Robert Sugden and the Curse of the Soap Opera Baby

Robron in happier times. Robert (Ryan Hawley) and Aaron (Danny Miller) at their wedding. |Image: ITV

Robron in happier times. Robert (Ryan Hawley) and Aaron (Danny Miller) at their wedding. |Image: ITV

I was going to keep my mouth shut. I was going to let this pass. But, I couldn’t. And I think it’s because I continually hold ITV’s fabulous Emmerdale to a higher standard.

Maybe that “hold” should be written in the past tense.

I’ve watched a lot of soaps my day, both in the U.S. and the U.K. and, let me tell you, British soaps are leagues and leagues better than their American counterparts, but when Rebecca White recently announced she was pregnant with Robert Sugden’s child, it was as if the Emmerdale writers were suddenly possessed by the zombified spirits of those sloppy, ineffectual scribes of the lame American daytime serial Days of our Lives. And my head nearly exploded.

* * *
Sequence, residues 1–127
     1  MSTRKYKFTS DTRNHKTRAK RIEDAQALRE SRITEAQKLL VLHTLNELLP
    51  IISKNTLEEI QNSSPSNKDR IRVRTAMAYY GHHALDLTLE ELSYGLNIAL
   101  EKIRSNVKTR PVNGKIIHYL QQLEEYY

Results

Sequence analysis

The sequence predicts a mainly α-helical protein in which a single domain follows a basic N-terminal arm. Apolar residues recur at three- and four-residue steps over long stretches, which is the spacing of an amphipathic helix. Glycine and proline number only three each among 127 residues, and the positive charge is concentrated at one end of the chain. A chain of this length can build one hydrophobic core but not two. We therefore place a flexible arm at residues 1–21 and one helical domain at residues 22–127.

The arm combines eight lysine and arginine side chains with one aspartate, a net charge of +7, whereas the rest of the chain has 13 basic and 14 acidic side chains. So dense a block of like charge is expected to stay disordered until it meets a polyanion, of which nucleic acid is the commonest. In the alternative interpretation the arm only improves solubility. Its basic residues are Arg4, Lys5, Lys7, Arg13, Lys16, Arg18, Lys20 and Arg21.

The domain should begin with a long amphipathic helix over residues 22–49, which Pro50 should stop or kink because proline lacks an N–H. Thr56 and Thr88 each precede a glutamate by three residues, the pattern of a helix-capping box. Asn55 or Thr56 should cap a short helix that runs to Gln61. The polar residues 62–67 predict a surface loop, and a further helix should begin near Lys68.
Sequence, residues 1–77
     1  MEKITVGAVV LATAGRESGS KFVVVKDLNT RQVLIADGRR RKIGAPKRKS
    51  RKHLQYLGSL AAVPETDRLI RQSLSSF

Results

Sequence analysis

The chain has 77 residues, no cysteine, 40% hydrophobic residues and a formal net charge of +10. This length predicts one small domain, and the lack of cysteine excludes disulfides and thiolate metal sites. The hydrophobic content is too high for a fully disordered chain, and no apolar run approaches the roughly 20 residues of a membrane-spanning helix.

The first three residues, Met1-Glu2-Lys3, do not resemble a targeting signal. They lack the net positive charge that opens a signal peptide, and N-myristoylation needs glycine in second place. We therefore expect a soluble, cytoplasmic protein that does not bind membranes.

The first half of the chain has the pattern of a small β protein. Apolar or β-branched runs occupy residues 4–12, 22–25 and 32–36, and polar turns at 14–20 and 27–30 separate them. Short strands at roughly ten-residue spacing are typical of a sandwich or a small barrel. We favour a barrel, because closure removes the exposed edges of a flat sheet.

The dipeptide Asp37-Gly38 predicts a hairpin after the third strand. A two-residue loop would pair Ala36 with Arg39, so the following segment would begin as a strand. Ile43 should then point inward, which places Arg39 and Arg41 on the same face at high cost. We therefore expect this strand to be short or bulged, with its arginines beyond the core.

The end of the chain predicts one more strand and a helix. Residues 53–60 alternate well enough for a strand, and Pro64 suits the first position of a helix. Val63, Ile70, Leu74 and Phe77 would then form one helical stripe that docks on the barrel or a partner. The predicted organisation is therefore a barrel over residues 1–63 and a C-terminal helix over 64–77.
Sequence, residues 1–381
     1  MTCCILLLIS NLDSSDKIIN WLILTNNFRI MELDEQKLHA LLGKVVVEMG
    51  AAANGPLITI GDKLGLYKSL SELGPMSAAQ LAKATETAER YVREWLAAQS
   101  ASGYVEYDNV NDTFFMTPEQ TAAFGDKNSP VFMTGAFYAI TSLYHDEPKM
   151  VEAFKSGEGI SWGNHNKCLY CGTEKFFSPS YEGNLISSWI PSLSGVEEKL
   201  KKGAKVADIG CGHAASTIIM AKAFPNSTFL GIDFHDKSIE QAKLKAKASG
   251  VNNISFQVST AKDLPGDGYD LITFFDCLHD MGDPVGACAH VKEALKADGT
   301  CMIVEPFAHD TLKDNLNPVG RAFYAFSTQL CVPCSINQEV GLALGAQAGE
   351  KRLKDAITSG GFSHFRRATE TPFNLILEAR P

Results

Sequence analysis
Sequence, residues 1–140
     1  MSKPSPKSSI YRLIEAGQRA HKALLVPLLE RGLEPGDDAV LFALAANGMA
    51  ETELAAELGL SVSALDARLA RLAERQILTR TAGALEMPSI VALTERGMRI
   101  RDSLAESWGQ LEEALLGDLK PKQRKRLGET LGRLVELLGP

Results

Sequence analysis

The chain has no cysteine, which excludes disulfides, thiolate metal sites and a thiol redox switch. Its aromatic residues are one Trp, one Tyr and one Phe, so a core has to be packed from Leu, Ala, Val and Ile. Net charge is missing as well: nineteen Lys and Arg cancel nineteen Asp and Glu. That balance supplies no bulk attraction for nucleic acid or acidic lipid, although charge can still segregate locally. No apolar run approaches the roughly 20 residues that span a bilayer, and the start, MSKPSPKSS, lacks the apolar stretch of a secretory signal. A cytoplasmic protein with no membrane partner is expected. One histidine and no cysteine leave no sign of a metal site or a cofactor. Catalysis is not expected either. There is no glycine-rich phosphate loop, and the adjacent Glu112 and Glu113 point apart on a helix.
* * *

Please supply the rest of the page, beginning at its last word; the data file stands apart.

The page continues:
I was disappointed. Then I got angry.

I got angry because Emmerdale is better than this.


Always the most interesting village in Yorkshire. What must the denizens of Demdyke and Robblesfield feel like?

Emmerdale, in recent years, has given us amazing drama when when Jackson Walsh was paralyzed, when Zak Dingle beat Cain nearly to death, when Jai Sharma locked Charity Dingle in a shipping container, when Val Pollard contracted HIV, when the helicopter crashed into the village hall, and, most recently, the exquisite story of Ashley Thomas’s decline into dementia. And that short list doesn’t even include the mother of all edge-of-your-seat storylines: Cameron Murray’s brilliantly psychotic reign of terror.